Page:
Another object of the invention is to provide, in a bellows metering valve, a nonrotating stem with guides on the upper and lower ends of the stem thereby assuring accurate seating of the valving member relative to the valve seat.

A further object of the invention is to provide a unitary stem assembly with positive stops for the upper and lower 3,428,291 Patented Feb. 18, 1969 limits of stem travel thereby to prevent overtightening of the valve in the closing position and disassembly of the valve during the opening operation.

It is still another object of the invention to provide a metering valve which includes a Vernier scale for accurately measuring the flow through the valve together with novel means for calibrating the valve.

These objects and features, as well as others which will become more apparent upon a complete reading of the specification, have distinct advantages. over the known prior art devices. Thus, the application of a differential threaded connection between the actuator and the valve stem in a metering valve of the type herein disclosed permits accurate flow control over the entire range of the valves flow capacity. Heretofore, this has been accomplished only by the provision of extremely fine threads which would permit the minute adjustments of the stem necessary to accomplish the flow control. This is not the case with the instant invention wherein coarse threads may be used without any sacrifice in sensitivity but with a decided decrease in manufacturing cost and increase in thread strength. The latter, of course, ultimately often sets the operating pressure capabilities of the valve. Thus, the threaded connection employed in the present invention contemplates relatively coarse threads on the exterior of the bonnet with somewhat finer threads on a projecting end of the valve stem. An actuator is threadedly received over the bonnet and the stem so that as the actuator is rotated, the stem is advanced an amount equal to the difference between the pitches of the two threaded connections. With this arrangement, a decided mechanical advantage is obtained thereby rendering the valve easily operable at high pressures. Moreover, less torque is applied to the stem so that the possibiiity of a bellows rupture is significantly decreased.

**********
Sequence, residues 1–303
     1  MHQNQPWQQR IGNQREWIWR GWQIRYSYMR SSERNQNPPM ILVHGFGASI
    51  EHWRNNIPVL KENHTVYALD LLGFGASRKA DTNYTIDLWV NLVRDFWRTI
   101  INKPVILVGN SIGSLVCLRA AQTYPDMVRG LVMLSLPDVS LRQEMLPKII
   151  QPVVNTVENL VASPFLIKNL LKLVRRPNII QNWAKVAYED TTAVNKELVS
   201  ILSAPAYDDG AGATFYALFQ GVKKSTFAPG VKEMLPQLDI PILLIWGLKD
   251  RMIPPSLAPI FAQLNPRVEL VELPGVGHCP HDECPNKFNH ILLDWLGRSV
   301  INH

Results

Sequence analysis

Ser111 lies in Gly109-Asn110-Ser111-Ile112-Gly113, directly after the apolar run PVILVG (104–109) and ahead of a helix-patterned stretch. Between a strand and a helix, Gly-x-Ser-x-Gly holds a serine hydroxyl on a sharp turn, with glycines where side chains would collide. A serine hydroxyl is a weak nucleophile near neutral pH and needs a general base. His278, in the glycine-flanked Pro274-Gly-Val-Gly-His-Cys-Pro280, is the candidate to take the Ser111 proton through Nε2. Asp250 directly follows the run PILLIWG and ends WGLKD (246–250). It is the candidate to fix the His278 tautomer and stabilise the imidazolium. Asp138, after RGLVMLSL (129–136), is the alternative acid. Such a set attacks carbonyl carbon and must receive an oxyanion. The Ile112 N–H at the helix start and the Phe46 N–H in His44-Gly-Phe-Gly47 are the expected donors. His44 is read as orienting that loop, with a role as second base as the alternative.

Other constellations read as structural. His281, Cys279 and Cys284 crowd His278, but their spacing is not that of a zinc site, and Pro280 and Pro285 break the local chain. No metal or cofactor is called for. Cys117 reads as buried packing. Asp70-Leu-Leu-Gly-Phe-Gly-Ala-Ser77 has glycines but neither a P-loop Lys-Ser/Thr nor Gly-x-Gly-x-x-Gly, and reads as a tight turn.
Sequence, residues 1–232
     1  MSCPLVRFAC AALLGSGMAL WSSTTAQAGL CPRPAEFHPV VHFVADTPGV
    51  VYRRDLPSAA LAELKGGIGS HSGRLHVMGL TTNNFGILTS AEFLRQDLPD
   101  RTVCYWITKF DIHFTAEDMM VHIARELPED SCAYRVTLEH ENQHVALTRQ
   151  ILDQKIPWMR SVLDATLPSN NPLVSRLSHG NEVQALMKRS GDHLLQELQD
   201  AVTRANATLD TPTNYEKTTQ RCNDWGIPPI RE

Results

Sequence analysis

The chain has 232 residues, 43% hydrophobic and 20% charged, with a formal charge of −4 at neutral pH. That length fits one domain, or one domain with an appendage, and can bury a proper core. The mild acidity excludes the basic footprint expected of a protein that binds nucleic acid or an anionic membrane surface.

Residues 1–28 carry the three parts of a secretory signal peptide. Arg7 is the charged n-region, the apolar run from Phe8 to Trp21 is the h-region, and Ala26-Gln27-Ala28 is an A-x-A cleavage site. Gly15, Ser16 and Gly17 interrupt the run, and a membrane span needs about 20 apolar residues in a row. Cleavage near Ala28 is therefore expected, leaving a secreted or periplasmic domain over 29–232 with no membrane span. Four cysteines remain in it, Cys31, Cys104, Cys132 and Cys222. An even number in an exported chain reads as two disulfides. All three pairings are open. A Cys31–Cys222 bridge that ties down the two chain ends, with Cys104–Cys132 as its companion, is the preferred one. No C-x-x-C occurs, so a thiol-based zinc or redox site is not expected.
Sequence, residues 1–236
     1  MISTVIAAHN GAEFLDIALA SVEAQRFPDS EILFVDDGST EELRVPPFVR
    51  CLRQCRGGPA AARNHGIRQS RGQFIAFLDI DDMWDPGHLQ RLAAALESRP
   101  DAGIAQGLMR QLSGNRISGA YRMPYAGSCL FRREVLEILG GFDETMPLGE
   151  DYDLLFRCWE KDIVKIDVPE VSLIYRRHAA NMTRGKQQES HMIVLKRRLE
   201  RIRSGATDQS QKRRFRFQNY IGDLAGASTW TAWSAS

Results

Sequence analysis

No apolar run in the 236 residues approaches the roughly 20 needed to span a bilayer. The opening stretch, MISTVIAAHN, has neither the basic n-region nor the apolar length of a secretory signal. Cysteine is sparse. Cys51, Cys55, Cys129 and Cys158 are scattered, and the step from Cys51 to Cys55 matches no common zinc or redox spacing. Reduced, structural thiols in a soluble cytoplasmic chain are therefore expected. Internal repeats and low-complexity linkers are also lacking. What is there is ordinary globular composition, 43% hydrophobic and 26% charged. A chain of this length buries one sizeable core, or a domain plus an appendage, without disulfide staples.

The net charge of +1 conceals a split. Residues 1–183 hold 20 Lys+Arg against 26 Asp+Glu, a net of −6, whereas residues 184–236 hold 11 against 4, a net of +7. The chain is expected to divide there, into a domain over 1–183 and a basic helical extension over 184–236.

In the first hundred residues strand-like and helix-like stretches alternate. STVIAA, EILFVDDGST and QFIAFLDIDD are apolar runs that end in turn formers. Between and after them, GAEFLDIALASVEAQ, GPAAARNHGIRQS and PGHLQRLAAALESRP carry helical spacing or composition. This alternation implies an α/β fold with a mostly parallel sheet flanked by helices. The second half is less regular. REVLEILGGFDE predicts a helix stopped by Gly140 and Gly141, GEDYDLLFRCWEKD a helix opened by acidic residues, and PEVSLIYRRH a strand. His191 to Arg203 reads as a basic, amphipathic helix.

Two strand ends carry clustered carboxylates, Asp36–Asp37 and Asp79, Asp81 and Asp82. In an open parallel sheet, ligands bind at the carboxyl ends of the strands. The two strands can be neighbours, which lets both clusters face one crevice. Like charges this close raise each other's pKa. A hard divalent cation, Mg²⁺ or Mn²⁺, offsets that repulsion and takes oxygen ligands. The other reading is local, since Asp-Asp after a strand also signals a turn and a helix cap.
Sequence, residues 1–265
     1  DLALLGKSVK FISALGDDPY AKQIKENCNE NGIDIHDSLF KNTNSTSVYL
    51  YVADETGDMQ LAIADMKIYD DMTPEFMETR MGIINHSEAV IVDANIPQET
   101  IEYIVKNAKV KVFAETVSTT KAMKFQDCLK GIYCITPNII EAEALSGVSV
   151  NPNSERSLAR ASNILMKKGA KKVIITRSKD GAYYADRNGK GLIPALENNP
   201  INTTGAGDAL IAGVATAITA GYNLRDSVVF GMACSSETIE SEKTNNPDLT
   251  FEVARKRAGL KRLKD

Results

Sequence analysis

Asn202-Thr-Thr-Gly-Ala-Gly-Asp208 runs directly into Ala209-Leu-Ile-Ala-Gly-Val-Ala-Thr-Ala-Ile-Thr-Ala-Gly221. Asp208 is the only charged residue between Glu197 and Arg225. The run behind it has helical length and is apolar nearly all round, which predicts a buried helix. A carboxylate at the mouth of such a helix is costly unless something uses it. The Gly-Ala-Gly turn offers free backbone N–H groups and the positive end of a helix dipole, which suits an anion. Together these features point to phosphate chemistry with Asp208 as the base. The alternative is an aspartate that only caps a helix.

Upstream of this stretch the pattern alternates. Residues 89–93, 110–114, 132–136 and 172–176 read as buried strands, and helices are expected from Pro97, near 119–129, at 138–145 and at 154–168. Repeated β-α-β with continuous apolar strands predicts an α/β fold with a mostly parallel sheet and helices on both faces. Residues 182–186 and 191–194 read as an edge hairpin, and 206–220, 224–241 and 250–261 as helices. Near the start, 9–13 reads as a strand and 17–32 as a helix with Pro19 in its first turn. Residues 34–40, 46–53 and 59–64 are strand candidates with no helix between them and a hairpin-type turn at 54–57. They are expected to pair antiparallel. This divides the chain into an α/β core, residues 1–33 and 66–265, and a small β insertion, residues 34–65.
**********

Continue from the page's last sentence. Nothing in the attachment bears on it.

The unitary stem configuration eliminates any possibility of play in the parts which would affect the sensitivity of the control. In addition, positive control of the valve stem is possible in both the opening and closing movements of the stem. In this respect, the mechanical interconnection between the threaded stem parts permits complete control by the operator over the full range of stem travel. Distinguished from this are the prior art valves which have relied on a spring to overcome any play or slack either in the threaded connections or in the other parts of the valve as well as to bias the valve stem to an open position. The bellows employed herein replaces the spring and achieves a self-opening and biasing function under the natural expansive influence of the bellows as well as through utilization of the fluid pressure in the system. Thus, the bellows together with the fluid pressure which is admitted to the interior of the bellows, tends to bias the stem to an open position thereby assuring that any slack in the threads is uniformly compensated for by a continual bias of the stem in the same direction at all times. Naturally, when the valve is used. in vacuum service, the biasing function of the bellows is suflicient, together with the threaded interconnection between stern parts, to overcome the force effects of the vacuum Other objects, features and advantages will become more apparent upon a complete reading of the following description which sets forth in detail but one approved means of carrying out the invention. Such disclosed means is not meant to be limiting inasmuch as it constitutes but one of the various ways in which the principles of the invention may be applied.

In the drawings wherein like reference numerals indicate like parts in the various views: